The penultimate way, the eighth, is entitled “Ye Shen Thegpa”, translated as “The Way of the Primeval Shen”. The word “ye” is commonly translated in Dzog-chen literature as “primordial”, meaning originally present and unbounded by any temporal dimension. The Way of the Primeval Shen chapter of the Ziji presents the instructions for a meditative practice to be carried out by a Shen. It is spoken by Tonpa Shenrab to his disciple Ye Shen Tsukpu. The practice entails two stages, the Process of Emanation and the Process of Realization, corresponding to the Buddhist meditative stages of “Creation” (kyed-rim) and “Completion” (dzog-rim), and the fundamental principles of method and wisdom. The Process of Emanation deals with form and constructs the external support, both physical and mentally imagined, for the meditative exercise. The Process of Realization deals with emptiness without support structures. The two Processes are understood not to exist in duality, but rather to be identical and considered separately only for purposes of teaching. The preliminaries of the Process of Emanation focus on three essential requirements — the teacher, the consort and the site. The qualities of the authentic teacher and authentic consort are described in some detail. The qualities of suitable sites are described and the practitioner is instructed to bring there a number of ritual objects, such as silk cloths, an arrow, a mirror, a sword, a skull cup among many other items. The preparation of the site, wherever it is, requires propitiation of local spirits. All local spirits are generally understood to be primitive, unevolved, and naturally brutal in character, despite having been subdued by prior masters and sworn to support the doctrine. In order to keep them propitiated, the practitioner must provide them with offerings and accompany the offerings with teachings to remind them of their vows:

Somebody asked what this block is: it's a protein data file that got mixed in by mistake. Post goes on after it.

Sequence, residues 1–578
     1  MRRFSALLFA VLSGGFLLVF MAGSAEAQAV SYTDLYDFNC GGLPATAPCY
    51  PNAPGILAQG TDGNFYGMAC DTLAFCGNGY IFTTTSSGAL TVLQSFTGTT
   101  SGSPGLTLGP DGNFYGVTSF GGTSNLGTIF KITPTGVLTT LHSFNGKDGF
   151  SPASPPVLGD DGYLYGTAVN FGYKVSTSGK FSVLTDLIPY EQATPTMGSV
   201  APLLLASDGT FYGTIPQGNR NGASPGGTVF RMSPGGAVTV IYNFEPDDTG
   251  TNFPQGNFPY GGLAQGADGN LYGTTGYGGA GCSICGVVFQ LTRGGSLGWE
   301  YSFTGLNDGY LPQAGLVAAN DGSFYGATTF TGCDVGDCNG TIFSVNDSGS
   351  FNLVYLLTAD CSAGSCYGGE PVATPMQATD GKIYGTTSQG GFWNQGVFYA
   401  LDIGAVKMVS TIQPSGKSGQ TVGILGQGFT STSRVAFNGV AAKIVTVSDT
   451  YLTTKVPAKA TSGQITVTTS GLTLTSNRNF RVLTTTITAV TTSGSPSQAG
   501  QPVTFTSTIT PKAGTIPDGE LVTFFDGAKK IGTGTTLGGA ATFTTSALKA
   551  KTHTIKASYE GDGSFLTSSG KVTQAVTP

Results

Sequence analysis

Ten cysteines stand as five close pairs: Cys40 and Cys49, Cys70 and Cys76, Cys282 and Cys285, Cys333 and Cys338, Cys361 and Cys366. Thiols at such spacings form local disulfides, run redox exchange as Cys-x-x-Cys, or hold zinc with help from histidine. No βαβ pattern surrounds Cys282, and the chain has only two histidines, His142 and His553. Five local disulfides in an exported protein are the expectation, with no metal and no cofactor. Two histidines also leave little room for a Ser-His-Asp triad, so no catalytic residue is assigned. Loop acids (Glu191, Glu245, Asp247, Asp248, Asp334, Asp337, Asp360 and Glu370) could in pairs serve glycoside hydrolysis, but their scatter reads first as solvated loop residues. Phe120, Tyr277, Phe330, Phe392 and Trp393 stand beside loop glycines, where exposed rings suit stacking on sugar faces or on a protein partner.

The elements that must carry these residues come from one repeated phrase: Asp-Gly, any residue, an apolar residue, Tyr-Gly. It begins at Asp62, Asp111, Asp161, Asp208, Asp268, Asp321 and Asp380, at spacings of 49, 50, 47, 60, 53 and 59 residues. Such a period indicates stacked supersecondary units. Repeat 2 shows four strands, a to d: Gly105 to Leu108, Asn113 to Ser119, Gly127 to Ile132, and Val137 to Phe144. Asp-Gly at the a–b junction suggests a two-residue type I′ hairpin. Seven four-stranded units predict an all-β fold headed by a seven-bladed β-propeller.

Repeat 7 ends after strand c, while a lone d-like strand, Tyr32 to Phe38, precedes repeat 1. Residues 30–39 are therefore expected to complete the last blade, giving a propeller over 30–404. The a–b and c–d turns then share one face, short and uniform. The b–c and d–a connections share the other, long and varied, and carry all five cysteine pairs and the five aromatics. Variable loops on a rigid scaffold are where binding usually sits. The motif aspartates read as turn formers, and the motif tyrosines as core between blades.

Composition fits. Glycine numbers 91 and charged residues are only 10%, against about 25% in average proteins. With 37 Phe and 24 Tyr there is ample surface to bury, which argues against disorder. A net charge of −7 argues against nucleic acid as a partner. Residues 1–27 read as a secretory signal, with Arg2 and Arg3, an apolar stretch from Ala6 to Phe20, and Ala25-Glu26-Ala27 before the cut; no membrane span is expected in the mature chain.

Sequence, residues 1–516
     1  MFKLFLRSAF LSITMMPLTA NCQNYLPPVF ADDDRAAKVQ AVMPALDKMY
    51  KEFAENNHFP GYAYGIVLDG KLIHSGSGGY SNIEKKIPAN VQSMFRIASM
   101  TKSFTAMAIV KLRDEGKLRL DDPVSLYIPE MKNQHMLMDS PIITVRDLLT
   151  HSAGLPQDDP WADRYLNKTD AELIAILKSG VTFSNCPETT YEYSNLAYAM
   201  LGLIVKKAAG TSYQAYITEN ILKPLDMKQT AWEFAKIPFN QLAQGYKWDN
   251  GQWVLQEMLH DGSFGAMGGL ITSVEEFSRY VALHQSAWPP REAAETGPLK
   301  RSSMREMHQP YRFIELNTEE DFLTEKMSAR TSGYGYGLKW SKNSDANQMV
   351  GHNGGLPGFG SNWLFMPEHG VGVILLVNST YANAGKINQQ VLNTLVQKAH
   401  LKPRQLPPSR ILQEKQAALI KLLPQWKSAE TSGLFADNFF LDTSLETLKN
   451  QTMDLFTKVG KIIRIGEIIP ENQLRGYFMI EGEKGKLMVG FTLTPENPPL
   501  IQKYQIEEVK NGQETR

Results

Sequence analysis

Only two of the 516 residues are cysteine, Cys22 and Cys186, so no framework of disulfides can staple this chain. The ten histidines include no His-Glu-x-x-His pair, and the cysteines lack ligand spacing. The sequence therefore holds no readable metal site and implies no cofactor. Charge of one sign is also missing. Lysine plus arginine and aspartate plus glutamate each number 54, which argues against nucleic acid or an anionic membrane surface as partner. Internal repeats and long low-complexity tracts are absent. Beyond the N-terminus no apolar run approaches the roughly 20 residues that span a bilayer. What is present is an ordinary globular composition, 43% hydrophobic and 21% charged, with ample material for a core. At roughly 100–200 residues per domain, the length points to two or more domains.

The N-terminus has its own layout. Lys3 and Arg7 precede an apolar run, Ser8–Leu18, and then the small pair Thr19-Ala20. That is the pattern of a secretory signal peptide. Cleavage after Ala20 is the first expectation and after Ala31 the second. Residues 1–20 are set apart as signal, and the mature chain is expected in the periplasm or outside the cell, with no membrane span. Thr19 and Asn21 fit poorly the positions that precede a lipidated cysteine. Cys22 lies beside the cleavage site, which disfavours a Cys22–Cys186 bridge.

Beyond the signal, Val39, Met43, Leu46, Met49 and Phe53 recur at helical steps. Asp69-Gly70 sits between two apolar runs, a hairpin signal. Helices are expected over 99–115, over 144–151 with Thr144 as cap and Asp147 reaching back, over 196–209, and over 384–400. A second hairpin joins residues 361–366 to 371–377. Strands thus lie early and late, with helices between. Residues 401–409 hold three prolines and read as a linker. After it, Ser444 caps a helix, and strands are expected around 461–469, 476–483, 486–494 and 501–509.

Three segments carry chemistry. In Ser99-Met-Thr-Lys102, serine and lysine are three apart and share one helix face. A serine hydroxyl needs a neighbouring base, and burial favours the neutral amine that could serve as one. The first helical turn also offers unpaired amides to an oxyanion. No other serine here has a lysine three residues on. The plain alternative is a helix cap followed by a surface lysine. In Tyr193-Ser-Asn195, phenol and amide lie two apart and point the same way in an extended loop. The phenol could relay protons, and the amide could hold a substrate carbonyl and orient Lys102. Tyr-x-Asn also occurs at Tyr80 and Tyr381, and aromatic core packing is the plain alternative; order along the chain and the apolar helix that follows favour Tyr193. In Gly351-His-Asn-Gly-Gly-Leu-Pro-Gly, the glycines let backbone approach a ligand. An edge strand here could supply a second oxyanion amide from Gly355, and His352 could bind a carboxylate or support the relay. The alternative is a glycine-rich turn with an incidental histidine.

“Whichever bon way of the Nine Vehicles you practise,
if you fail to give milk offerings and pure sacrificial cakes to the powerful lords of this world,
if you do not ask them for a site for your palace of the Blessed Ones,
these powerful lords, the lords of the soil, the serpents and the furies are irascible, however much they may still protect the doctrine.
However gentle their disposition, their lineage is still that of the titans.
So this white offering to the lords of the soil, the serpents and the furies,
the ritual items of aromatic wood, sacrificial fire, and sacred libations,
must be offered to the accompaniment of an exposition of the buddhas’ truth.
You must give pleasure to the powerful ones of the phenomenal world,
and having made them happy, you can hold them to their former vows.
Ask them for a site for your worship and a place for you to stay,
and hold them before witnesses to their oath to protect the doctrine.”
When these preliminaries have been completed, one can commence to construct the physical mandala, “the palace of the Blessed Ones”. The instructions given are not for a mandala to be drawn or painted, but to be laid out on the ground with colored sands. As translated by Snellgrove, the instructions are given as follows:
“Take light-colored soil which is viscous, pliable and soft,
and suit the size to the occasion, either one fathom which is four cubits, or half a fathom (which is two cubits) square, or just one cubit (square)
and fit the height-measurements to these three sizes, large, medium, and small, namely a full cubit, a short cubit, or a span, whichever you may do to suit the occasion,
(It should have) the form of an up-turned mirror. well formed and smooth.
Sprinkle it and make it completely smooth with pure consecrated water and sweet smelling medicinal incense,
Smear cotton threads with white and red colouring and consecrate them as Method and Wisdom possessed of no duality.
Cover the sphere of the void (viz. the space for the mandala) with rays (viz. lines) of white and red,
(the four) bordering lines (of the square),
(the four) crossing lines (two diagonal and two straight across)
the encircling line (inside the square),
(the four inner) diagonal lines and on the diagonal lines the lines which form the palace,
the four lines for doors and lintels, (drawn as double lines, viz.) eight lines (inside the palace).
You should place these lines quite evenly, level and unconfused.”